Possibly no other government-owned enterprise has attracted as much public interest and controversy as the numerous attempts to privatise the nation's first and biggest carrier, the Nigerian Telecommunications (NITEL) Plc. Only recently, in the fourth attempt in ten years, the Bureau for Public Enterprises (BPE) announced that its bidding process organised at the Abuja Sheraton Hotel and Towers has produced an investor called New Generation Telecommunications.

It is a consortium allegedly made up of GiCell Wireless Limited, China Unicom (Hong Kong) Limited and Minerva Group. The consortium reportedly offered to pay about N350 billion (or $2.3 billion) for all the components of NITEL. These include the Mobile unit, M-tel, the CDMA network, transmission backbone, the fixed line and Satellite-3, otherwise called Sat-3.

But fresh worries have emerged following the denial by China Unicom that it was involved in the bidding process. Unicom is China's second largest telecom firm.

Subject to ratification by the National Council on Privatisation (NCP), New Generation Telecommunications, in which some prominent but undisclosed Nigerians are said to have interests, is expected to pay 30 percent of the purchase sum within ten calendar days of NCP's approval. Other companies which participated in the bidding process are Omen International Limited, Brymedia Consortium and AFZ Consortium. Globacom, an indigenous telecom giant, was disqualified from the process, because according to Nigerian Communications Commission (NCC) existing operators were not allowed to take part. This, it said, was to avoid a monopoly in the sector.

Admittedly, for many years, NITEL has been the 'sick baby' of communications in Nigeria. It is plagued by a myriad of problems which include high level mismanagement and inept leadership. Three previous attempts to sell it did not pull through. For instance, in 2001, a UK based firm, ILL Limited which offered to pay $1.3 billion failed to meet up with payment schedules, resulting in the termination of the deal. Other deals with Pentascope and Transnational Corporation (Transcorp) went sour, all adding to the tortuous and botched attempts to privatise the national carrier.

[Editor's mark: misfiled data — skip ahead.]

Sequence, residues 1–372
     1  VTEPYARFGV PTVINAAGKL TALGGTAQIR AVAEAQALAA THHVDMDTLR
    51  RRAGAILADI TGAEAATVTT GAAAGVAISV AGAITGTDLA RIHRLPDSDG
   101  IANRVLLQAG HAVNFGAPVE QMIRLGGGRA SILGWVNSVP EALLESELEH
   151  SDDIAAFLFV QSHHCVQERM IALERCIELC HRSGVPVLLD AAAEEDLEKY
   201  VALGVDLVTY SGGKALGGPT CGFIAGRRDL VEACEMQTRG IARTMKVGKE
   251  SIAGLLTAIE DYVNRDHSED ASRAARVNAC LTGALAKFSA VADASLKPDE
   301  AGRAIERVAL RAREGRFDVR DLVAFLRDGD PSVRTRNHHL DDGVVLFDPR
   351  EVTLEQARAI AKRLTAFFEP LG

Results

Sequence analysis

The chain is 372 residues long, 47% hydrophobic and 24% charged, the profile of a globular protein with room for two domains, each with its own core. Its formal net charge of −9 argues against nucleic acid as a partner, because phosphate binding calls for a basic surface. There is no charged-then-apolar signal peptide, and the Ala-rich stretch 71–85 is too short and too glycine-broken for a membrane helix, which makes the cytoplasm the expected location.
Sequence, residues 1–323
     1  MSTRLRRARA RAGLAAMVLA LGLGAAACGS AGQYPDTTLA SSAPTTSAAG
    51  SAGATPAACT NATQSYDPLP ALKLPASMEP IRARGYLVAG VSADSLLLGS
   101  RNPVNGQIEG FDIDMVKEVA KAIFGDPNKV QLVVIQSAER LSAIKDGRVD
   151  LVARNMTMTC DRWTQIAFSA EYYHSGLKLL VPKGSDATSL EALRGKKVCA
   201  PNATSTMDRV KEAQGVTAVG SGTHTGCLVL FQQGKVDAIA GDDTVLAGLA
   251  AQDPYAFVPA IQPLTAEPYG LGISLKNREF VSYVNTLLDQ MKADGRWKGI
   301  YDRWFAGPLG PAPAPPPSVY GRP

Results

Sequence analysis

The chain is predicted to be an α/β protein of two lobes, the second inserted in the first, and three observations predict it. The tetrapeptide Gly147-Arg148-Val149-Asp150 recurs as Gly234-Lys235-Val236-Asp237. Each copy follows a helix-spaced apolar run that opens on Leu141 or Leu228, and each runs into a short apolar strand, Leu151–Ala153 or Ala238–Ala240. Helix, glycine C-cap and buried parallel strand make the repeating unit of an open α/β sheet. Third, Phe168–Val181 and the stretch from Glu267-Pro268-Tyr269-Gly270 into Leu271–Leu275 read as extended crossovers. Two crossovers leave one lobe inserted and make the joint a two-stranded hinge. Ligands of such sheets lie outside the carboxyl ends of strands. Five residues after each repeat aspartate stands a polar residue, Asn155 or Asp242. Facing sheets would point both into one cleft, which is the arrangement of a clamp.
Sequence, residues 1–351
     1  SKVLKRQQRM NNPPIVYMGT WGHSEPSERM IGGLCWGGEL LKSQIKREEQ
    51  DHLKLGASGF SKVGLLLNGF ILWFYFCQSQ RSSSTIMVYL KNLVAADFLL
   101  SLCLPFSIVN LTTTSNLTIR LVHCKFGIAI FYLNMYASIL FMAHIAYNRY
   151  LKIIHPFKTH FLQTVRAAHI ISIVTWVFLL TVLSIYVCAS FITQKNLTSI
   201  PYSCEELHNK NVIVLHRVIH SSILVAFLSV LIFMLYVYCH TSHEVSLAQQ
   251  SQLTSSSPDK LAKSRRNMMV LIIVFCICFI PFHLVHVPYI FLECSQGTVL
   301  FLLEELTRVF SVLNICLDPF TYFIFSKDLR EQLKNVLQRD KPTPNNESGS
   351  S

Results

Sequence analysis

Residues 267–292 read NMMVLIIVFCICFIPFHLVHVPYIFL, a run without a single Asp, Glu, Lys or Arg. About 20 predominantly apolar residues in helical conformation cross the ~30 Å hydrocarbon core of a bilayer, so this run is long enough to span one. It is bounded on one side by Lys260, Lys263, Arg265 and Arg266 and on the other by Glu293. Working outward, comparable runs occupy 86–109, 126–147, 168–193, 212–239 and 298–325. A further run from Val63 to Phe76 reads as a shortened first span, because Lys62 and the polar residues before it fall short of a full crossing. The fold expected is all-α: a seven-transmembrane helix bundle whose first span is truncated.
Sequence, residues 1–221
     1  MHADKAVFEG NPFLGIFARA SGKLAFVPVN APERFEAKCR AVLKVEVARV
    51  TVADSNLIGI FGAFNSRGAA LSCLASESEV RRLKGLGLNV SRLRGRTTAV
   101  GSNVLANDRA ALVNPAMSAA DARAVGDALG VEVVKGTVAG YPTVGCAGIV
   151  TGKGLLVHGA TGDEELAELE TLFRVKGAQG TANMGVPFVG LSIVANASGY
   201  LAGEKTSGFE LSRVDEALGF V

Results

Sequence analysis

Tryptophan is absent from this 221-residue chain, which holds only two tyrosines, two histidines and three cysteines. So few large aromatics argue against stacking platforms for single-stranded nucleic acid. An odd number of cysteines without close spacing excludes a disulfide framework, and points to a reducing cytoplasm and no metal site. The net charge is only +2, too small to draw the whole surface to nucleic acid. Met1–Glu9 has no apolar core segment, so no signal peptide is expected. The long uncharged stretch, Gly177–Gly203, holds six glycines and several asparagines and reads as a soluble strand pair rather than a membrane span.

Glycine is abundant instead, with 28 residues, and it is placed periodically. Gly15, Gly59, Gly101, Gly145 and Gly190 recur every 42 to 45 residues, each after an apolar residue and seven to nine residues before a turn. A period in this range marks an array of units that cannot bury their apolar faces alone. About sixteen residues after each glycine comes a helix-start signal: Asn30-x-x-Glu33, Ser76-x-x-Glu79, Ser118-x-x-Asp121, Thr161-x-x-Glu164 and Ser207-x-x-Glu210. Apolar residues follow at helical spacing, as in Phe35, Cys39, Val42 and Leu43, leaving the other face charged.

Taken together, NITEL has become a national embarrassment of sorts, with a baggage of liabilities that made payment of salaries of its staff extremely difficult. It is, therefore, heartening that BPE may have finally found a new investor. We want to believe that the successful investors know what they are putting their money into. This is vital because past attempts to sell NITEL collapsed principally because all the necessary business angles were not taken care of. Before the deal is finally sealed, the public interest should be taken care of.

In spite of what seems a glimmer of hope for NITEL, however, we are worried by the avalanche of controversies trailing the bidding process. Some stakeholders have complained about the transparency of the process. One of the allegations is that by excluding experienced and leading operators such as Globacom and MTN, a grave error in judgment may have been made by both BPE and NCC. Allegations of insider abuse have also been levelled against top officials of the regulatory agency.

We urge that these allegations be diligently investigated.

Due Process and transparency must be manifestly seen to have been followed in the bidding process. The decision to preclude experienced operators from the process may not be in the overall interest of Nigerians. It could rubbish whatever noble intentions the privatisation efforts want to achieve. Government should take more than a passing interest in the current developments. Allowing controversy to trail the process does not augur well for anybody, including the new investor - New Generation Telecommunication. The government promised that the latest effort at privatising NITEL would be the final one. We hope it will.

This can only be if the sale is done with sincerity of purpose.